By Lefteris Yallouros – Athens
The IMF’s admission that mistakes were made in Greece’s fiscal adjustment program has been met by anger in Greece.
The IMF admitted in a report on the bailout program that it bent its own rules for the program to go ahead and suggested that it would have been better to have agreed a debt reduction plan for Greece back in 2010, rather than letting the issue fester until 2011..
“Market confidence was not restored, the banking system lost 30% of its deposits and the economy encountered a much deeper than expected recession with exceptionally high unemployment”, the report reads.
Prime Minister, Antonis Samaras said Thursday that his government had been saying the troika’s plan was wrong all along.
“If you read through this very recent report, you will probably remember that I was emphasizing, in fact criticizing, what the IMF calls mistakes from the very beginning. We have been correcting those mistakes over the last year,” Mr. Samaras told reporters.
Samaras is harmed by the timing of this report as it puts a dent in his charm offensive and the strategy of advertising the so called “Grecovery” abroad.
Socialist PASOK leader, Evangelos Venizelos said his party had also sounded warning much earlier.
Main opposition SYRIZA and lesser opposition parties are fuming at the IMF report released Tuesday evening, which states that it underestimated the damage done to Greece’s economy from spending cuts and tax hikes imposed in a bailout.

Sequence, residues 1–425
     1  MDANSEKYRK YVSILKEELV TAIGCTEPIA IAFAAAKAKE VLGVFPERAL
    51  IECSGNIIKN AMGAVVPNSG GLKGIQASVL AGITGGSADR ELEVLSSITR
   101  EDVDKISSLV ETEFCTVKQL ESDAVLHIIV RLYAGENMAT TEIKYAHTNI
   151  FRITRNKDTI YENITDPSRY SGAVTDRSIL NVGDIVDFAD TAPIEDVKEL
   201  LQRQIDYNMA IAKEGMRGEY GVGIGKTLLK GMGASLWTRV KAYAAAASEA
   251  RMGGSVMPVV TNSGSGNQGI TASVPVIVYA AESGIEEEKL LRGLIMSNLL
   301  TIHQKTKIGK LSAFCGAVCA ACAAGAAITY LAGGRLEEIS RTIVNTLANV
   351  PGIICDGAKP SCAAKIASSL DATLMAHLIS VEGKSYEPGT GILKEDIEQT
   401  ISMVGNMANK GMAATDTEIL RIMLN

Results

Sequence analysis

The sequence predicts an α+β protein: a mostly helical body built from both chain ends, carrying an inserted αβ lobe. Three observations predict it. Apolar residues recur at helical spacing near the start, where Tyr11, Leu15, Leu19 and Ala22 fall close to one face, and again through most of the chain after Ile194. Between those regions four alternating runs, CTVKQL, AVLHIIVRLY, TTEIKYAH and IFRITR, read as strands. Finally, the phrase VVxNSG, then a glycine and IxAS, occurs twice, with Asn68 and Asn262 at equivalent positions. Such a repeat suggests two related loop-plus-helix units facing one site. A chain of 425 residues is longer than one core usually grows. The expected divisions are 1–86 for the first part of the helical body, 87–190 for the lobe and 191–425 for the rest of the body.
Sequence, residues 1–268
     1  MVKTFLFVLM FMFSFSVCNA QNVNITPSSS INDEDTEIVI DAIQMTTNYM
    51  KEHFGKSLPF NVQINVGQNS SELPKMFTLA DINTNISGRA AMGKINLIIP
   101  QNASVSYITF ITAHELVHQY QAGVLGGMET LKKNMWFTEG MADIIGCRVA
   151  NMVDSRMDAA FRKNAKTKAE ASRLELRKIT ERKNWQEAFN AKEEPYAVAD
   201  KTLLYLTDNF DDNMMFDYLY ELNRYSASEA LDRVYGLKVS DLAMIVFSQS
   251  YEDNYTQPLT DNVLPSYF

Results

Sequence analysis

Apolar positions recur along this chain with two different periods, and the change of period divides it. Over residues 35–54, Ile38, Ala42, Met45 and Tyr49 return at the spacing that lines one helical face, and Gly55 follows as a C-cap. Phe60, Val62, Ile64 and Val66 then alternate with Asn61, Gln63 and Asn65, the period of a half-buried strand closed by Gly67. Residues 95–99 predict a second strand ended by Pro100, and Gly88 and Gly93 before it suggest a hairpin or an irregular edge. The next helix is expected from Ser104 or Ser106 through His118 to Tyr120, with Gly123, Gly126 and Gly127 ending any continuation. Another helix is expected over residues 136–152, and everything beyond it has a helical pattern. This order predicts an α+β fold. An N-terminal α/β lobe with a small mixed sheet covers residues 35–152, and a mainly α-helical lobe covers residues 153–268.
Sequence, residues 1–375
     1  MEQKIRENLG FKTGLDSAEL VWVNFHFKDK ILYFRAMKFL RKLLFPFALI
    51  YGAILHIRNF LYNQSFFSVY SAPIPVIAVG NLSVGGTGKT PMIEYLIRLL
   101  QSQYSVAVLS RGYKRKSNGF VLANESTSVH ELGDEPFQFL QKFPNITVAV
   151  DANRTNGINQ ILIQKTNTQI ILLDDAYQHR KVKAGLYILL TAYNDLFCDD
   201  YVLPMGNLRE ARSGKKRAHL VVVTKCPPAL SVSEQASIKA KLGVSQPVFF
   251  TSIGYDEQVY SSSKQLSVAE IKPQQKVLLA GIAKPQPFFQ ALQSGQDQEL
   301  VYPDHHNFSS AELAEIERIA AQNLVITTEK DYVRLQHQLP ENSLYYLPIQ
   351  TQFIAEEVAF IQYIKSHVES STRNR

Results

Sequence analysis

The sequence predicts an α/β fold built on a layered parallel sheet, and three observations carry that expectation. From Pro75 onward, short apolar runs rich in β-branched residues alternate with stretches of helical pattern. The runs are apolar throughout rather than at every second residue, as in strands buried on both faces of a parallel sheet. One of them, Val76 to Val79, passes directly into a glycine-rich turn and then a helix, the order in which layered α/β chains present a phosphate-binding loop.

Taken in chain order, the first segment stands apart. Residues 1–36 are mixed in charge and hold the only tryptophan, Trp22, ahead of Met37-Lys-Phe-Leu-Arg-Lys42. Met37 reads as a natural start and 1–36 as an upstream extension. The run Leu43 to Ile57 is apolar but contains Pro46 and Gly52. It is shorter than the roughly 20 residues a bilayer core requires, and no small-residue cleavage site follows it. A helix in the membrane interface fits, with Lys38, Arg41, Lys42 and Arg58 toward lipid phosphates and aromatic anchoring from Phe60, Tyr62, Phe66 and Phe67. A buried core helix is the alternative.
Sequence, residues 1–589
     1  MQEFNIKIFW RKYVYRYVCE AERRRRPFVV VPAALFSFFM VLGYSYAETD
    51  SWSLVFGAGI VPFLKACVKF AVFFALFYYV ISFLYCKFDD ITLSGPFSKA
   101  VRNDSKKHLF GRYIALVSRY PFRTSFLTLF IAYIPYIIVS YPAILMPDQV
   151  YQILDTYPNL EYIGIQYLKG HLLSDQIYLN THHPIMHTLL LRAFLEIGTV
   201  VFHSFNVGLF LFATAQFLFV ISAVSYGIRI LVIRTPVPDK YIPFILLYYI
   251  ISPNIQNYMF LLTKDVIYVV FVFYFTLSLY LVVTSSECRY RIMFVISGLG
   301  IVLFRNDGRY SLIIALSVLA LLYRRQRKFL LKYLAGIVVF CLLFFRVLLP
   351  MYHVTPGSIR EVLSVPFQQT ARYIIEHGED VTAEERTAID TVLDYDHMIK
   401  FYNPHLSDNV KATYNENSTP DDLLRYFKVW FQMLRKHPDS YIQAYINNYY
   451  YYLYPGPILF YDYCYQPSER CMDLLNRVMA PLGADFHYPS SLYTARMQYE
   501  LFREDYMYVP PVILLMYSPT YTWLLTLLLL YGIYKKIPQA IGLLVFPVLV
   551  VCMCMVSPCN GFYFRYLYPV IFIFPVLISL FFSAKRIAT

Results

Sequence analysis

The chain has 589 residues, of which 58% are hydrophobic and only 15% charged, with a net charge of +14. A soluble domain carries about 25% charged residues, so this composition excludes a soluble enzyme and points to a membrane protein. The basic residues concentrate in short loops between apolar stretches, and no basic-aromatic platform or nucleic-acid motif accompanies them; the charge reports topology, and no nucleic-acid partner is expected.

The news was even harder to take as unemployment figures showed Greece’s jobless rate rise to record-highs in March, with the total number of unemployed Greeks hitting 1.3 million.
The IMF hasn’t just angered Greeks, however. The European Commission has disputed that mistakes were made in the handling of Greece’s bailout.
“The report argues that an upfront debt restructuring in 2010 would have been desirable. We fundamentally disagree,” Commission spokesman Simon O’Connor said.
“The report ignores the interconnected nature of the euro area member states. Private debt restructuring would have certainly risked systemic contagion at that stage.
“It would have also severely undermined the program. This was the unanimous position of the member states of the euro area and, indeed, of the Troika partners at the launch of the program,” Mr. O’Connor added.
Analysts now ask if Greece’s vindication that it was handed the wrong remedy to its problems will give the government leverage to request measures are relaxed.